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Meetings suck, but they don't have to

In my experience technology managers and executives are so inept at conducting effective meetings you'd think it's rocket science or a rare genetic trait.

What is it about meetings that brings out the worst in otherwise reasonable and intelligent people? Is it an opportunity to childishly engage and disrupt others? Or perhaps it's a chance to demonstrate animalistic dominance. Who knows.

All I do know is, for companies to operate effectively, executives, managers, and key employees need to know how to run effective meetings. Meetings are how conflicts are resolved and plans are agreed upon. They are how critical strategic and operating processes are developed, managed, and to some extent, executed.

Conversely, ineffective meetings result in lost productivity and frustration. They can also be a sign of a dysfunctional workplace, which can result in operating failure.

In my experience technology managers and executives are so inept at conducting effective meetings you'd think it's rocket science or a rare genetic trait. I have no idea why that is.

In any case, 15 years ago, a consultant taught me his version of the rules for effective meetings. I've adapted those rules to my own style and used them to help management teams work together effectively ever since. And let me tell you, they really work.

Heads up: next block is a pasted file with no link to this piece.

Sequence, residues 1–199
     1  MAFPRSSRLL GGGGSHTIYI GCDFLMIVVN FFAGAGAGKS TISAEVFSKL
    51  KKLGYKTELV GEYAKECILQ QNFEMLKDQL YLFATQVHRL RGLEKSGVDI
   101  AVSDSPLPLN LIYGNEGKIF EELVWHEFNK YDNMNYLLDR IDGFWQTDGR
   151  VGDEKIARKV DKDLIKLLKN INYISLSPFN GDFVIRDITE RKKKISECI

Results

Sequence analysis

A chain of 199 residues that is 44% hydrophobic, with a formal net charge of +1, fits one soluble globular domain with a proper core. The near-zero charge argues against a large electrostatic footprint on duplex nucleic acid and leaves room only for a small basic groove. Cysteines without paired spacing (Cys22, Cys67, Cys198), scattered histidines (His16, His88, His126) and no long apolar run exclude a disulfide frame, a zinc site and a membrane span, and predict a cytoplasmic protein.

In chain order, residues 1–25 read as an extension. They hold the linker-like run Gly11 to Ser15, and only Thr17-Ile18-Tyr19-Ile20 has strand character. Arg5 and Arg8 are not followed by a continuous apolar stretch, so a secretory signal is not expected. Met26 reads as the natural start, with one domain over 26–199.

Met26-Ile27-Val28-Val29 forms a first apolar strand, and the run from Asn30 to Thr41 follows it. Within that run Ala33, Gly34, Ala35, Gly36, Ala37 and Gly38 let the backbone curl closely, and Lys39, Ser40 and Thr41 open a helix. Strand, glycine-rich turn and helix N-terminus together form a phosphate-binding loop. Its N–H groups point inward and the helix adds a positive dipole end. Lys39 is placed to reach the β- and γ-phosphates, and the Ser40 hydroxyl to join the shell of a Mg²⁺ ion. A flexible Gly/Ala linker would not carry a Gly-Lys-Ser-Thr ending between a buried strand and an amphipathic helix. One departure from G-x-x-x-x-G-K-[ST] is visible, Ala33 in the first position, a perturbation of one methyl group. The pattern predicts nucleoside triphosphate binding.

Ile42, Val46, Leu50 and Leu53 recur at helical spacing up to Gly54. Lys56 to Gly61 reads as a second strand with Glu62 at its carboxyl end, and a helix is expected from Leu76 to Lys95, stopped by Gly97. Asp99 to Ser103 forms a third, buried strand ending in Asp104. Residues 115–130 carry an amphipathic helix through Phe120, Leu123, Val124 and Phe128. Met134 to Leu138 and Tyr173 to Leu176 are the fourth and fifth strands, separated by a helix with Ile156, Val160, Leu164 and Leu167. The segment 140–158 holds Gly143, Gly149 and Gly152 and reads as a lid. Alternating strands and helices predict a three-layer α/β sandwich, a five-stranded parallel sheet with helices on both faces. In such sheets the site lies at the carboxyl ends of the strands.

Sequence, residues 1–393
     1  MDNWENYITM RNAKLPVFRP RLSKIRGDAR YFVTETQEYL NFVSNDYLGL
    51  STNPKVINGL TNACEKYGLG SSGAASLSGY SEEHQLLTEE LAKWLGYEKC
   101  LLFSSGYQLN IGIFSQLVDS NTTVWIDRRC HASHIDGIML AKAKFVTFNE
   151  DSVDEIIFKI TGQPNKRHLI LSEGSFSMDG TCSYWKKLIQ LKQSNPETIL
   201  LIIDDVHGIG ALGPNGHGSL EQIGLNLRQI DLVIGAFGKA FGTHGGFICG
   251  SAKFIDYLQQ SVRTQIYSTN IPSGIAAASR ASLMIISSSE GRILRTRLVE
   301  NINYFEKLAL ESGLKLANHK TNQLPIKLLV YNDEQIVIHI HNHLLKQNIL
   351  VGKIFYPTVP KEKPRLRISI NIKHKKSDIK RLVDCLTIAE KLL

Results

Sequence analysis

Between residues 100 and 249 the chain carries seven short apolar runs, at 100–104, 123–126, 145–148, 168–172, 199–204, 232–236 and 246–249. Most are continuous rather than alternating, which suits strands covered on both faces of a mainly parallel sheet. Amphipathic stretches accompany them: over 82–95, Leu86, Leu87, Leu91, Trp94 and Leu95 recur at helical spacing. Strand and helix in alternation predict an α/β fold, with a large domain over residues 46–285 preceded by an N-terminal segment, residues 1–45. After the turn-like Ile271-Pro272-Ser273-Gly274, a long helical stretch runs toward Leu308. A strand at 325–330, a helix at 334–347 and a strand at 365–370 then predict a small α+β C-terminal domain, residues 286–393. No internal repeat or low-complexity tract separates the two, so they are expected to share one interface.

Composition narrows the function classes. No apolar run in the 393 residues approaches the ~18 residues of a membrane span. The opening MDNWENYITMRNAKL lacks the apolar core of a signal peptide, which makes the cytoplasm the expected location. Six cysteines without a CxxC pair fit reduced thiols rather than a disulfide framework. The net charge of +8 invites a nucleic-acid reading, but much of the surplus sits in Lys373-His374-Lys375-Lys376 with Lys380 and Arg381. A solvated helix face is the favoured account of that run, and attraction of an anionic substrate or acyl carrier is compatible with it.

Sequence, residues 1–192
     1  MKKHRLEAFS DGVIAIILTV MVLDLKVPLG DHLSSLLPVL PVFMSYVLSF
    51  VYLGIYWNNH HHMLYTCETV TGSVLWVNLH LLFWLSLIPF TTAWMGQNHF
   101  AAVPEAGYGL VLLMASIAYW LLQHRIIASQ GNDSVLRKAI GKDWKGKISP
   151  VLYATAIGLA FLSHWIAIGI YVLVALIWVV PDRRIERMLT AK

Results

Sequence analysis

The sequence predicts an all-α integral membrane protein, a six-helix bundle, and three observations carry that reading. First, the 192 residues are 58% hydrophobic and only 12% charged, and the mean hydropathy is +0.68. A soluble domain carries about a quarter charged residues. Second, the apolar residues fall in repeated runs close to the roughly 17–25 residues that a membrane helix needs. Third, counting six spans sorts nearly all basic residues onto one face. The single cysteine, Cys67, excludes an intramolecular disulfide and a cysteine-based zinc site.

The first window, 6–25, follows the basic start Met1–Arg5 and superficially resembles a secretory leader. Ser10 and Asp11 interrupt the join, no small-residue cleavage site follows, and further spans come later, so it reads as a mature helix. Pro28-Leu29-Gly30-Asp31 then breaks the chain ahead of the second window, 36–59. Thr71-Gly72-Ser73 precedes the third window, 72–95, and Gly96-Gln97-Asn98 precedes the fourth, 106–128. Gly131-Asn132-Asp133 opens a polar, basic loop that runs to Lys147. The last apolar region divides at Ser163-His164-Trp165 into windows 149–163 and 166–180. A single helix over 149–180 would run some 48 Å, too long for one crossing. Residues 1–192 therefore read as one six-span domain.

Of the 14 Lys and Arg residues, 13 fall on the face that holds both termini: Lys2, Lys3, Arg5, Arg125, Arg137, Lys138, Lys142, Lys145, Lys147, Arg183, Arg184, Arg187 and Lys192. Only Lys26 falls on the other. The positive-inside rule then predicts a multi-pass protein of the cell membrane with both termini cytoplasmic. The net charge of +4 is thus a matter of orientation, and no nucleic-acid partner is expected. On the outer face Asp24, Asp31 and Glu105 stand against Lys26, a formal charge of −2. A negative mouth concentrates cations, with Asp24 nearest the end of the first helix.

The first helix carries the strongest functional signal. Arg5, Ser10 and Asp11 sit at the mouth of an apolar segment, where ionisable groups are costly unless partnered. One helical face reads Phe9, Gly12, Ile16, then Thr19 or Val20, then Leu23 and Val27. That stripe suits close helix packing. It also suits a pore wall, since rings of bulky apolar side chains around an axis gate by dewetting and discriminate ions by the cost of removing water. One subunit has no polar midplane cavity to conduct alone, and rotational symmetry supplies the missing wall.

So here they are in two parts: The three rules of meeting etiquette and the five rules of engagement for effective meetings.

Three rules of meeting etiquette

Every meeting has a start time and an end time. That means it starts on time and ends on time. If someone is chronically late to meetings, the others must bring peer pressure to bear on that individual. If most of a company's executives exhibit this trait, then find another company. It's a sign of immaturity and disrespect for others.

Every meeting is run by someone who is responsible for every aspect of the meeting including agenda, attendance, punctuality, and documentation. That person keeps everyone on topic and moves the meeting along using the methods described below.

Key decisions that are reached during the meeting regarding strategies, plans or objectives should be published by whoever ran the meeting within one day. That also goes for follow-up or action required and an owner for each item.

Five rules of engagement for effective meetings

Listening is good. Gratuitous speech is bad. Silence means consent. Don't chime in just to hear your own voice.

Presenting new ideas or brainstorming is good. Knocking down another's idea is bad. There's a time for reaching consensus.

Attack the problem or issue, not the person you disagree with. "I don't agree with you" is okay, but "I think you're an idiot" isn't.

Stay on topic, but don't beat a dead horse. Save other subjects for other meetings. Use a "parking lot" for important issues that may need to be revisited at a later date.

Be open, honest, and forthcoming. Don't hold back, bullshit, or sugar-coat issues. This is especially critical in meetings where key decisions are based on the information presented.

Don't just follow these rules yourself; teach them to others. Present them at meetings you conduct. Make work life easier and less frustrating for all your fellow employees and help to make your company more successful. It'll pay off big-time in the long run.

Happy meetings.